Dharmshala & Mcleodganj
This is the principal township of Kangra district and overlooks wide spread of the plains. With dense pine and deodar forests, numerous streams, cool healthy air, attractive surroundings and the nearby snowline, Dharamsala has everything for a perfect holiday. It is full of life and yet peaceful. The headquarters of His Holiness the Dalai Lama are at upper Dharamsala. Covering a wide area in the form of twin settlement, lower Dharamsala (1380m) is a busy commercial centre. While upper Dharamsala (1830m) with the suburbs of Mcleodganj and Forsytheganj, retains a British flavor and colonial lifestyle. The charming church of St. John in the wilderness is situated here and this is the final resting place of Lord Elgin, a British Viceroy of India during the 19th century. There is also a large Tibetan community who have made this place their home. Numerous ancient temples like Jwalamukhi, Brijeshwari and Chamunda lie on the plains below Dharamsala.
In local parlance, the word for lot of water is “pulum”. This is what has given Palampur (1249 m) its name and its water has given the valley so much of its character. Countless streams criss-cross the landscape and in their intricate mesh, hold tea gardens and rice fields. The town came into being when tea plantation was introduced in the 19th century and Palampur became a focus for the planters. Kangra tea, with its center at Palampur, has been internationally acclaimed since then.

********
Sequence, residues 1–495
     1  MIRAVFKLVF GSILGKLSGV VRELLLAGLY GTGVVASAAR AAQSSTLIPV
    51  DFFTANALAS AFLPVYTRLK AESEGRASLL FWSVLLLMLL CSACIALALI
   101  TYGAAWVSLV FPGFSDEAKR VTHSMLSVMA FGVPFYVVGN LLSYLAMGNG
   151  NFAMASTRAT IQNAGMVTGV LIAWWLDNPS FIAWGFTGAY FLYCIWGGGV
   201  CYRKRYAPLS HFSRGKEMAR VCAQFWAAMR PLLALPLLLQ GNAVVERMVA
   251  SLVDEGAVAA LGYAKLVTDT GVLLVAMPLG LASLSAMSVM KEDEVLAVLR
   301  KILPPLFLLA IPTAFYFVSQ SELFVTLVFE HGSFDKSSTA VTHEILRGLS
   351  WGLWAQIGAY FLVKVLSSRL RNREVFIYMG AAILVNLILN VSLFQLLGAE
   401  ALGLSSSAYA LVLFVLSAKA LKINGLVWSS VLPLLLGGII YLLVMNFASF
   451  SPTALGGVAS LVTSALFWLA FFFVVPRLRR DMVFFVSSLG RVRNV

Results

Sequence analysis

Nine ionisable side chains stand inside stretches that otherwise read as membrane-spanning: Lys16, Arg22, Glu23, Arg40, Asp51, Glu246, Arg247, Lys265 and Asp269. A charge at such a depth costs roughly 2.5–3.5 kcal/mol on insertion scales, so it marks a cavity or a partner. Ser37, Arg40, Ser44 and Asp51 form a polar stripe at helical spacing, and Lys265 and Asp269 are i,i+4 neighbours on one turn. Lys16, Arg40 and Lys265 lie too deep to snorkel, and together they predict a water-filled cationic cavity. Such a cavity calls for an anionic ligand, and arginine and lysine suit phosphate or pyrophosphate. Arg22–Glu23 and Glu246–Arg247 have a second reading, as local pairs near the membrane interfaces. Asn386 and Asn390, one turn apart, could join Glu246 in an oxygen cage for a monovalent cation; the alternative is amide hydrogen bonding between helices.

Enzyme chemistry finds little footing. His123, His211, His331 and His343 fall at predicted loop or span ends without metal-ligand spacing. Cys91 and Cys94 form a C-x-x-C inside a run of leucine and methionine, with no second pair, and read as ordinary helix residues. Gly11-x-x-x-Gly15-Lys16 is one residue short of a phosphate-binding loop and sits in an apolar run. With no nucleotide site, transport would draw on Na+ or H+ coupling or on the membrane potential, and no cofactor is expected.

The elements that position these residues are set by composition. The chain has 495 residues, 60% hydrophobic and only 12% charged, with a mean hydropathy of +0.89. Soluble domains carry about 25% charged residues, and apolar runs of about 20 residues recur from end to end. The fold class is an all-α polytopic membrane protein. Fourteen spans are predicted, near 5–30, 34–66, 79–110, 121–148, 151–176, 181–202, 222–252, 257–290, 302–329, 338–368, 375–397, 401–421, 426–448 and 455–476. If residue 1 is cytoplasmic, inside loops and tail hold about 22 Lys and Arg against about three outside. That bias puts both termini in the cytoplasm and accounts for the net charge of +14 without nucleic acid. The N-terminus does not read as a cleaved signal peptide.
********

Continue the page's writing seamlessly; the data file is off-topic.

Ancient legend speak of a time when demons lorded over the Himalayan mountains and harassed the gods. Led by Lord Vishnu, the gods decided to destroy them. The gods focused their strengths in a huge flame which rose from the earth. From the fire, a young girl look birth. She is regarded as Adishakti the first ‘Shakti’.
Known as Sati or Parvati, she grew up in the house of Prajapati Daksha and later became the consort of Lord Shiva. Once her father insulted Lord Shiva and unable to accept this, she killed herself. When Lord Shiva heard of his wife’s death his rage knew no bounds and holding Sati’s body he began stalking the three worlds. The other gods trembled before His wrath and appealed to Lord Vishnu for help. Lord Vishnu let fly a volley of arrows which struck Sati’s body and severed it to pieces. At the places where the pieces fell, the fifty-one sacred Shaktipeeths came into being.
Sati’s tongue fell at Jwalaji (610m) and the goddess is manifest as tiny flame that burns flawless blue through fissures in the age-old rock. Even the Pandavas are regarded to have visited this sacred place.
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